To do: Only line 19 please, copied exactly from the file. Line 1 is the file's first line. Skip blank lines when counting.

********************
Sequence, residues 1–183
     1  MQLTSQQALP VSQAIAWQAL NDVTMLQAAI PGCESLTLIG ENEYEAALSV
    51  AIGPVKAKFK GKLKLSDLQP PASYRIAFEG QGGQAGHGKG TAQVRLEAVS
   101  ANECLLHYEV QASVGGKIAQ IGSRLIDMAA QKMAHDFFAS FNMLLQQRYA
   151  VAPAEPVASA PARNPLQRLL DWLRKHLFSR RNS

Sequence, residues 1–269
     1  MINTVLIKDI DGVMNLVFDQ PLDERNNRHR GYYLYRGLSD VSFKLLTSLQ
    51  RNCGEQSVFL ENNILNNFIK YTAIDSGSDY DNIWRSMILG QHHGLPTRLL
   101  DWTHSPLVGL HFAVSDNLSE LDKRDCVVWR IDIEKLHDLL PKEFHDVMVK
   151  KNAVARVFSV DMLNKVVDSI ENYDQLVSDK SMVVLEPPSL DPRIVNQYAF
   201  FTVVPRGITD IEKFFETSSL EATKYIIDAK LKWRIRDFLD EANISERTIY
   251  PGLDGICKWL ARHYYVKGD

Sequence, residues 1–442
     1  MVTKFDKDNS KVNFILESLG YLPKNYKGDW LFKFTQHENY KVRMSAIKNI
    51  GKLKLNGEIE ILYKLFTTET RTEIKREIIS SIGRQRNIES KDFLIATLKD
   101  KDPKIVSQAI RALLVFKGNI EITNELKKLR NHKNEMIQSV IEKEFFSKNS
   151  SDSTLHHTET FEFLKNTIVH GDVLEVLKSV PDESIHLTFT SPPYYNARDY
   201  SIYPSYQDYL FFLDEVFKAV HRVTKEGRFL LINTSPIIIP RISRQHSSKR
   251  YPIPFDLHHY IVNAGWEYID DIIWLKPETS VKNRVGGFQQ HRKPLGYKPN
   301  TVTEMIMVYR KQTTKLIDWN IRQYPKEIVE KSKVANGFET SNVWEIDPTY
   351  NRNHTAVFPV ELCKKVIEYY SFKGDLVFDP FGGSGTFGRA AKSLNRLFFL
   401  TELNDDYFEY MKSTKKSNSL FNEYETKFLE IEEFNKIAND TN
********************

   251  YPIPFDLHHY IVNAGWEYID DIIWLKPETS VKNRVGGFQQ HRKPLGYKPN